The room was abuzz with hope after Detroit Councilman Gary Brown proposed an amendment to send these two projects back to the transportation advisory council. On this amendment, Michigan Department of Transportation (MDOT) Metro Region Engineer Tony Kratofil said, “You either build what was approved, or you don’t build anything”. The amendment was defeated. 


SEMCOG chart that shows the deteriorating condition of Michigan roads.

SEMCOG Chairman Dan O’Leary presented on the measures of project success. He noted that SEMCOG has included inexpensive ways to manage traffic and that maintaining roads is less costly than rebuilding. He continued to reference SEMCOG’s six desired outcomes that the 2040 Plan works to achieve. SEMCOG Council Members then voted in favor of the 2040 Regional Transit Plan.

As one public commenter highlighted, this meeting felt like deja vu, bringing us all back to the 1950s. It was as if we were back to times of Jane Jacobs-esque community organizers in opposition to a Robert Moses-style expansive freeway project that threatens to tear apart the neighborhoods, culture and urban fabric that comprises a great community. Only this time, the community is Detroit instead of New York and for now, Robert Moses won.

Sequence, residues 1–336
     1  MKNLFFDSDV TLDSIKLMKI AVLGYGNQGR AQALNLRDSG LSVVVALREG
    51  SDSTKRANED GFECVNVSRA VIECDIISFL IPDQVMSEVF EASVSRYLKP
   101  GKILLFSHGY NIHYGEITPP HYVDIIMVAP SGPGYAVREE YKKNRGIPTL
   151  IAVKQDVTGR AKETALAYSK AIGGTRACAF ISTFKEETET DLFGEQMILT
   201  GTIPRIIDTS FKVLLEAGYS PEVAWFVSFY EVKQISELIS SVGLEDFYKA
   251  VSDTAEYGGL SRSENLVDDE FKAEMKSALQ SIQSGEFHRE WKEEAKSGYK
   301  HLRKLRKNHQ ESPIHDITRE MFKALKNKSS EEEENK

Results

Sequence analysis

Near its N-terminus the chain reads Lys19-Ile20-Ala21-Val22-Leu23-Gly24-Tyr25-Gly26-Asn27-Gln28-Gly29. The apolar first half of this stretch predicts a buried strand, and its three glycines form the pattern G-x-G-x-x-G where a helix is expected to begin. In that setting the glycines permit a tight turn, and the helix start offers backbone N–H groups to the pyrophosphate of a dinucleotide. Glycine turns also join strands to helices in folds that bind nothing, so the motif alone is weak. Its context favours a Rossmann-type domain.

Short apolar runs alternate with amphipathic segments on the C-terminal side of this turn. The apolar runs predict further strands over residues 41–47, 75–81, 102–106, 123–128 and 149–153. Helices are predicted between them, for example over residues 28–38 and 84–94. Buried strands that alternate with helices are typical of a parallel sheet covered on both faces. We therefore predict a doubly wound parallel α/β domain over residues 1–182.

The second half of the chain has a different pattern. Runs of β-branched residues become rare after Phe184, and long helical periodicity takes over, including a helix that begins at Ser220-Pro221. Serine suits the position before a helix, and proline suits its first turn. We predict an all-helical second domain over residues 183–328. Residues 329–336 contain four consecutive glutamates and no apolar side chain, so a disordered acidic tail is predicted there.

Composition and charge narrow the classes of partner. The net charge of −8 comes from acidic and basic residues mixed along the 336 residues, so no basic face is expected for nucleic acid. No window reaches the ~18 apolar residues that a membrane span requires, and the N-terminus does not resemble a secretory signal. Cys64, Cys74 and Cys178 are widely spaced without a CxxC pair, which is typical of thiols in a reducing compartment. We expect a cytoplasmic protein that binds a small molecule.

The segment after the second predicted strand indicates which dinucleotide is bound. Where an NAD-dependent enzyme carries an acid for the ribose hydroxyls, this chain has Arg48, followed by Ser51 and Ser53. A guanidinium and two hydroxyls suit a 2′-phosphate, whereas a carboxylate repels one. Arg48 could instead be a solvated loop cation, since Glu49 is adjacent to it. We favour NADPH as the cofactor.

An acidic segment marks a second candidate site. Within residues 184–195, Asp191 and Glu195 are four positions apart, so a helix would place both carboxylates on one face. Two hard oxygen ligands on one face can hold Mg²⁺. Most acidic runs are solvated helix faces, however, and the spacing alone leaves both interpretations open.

As Richard Murphy said, Projects 935 and 2415 are the thorns on an otherwise successful long-term plan. Look for our blog post in coming weeks to outline the positive aspects of the 2040 Plan.

Written by Kajal Ravani, Trans4M Fellow


3 Comments on “In Detroit, what’s old is new again: the City of 1950s Style Planning, Freeways on Freeways

  1. Pingback: Highway Expansion Projects and Legislative Break Leave Transportation Funding Needs in Limbo | Transportation for Michigan

  2. Pingback: The 2040 Regional Transportation Plan: Moving Michigan into the 21st Century | Transportation for Michigan

  3. Pingback: A Textual Analysis of the Southeast Michigan 2040 Regional Transportation Plan | Transportation for Michigan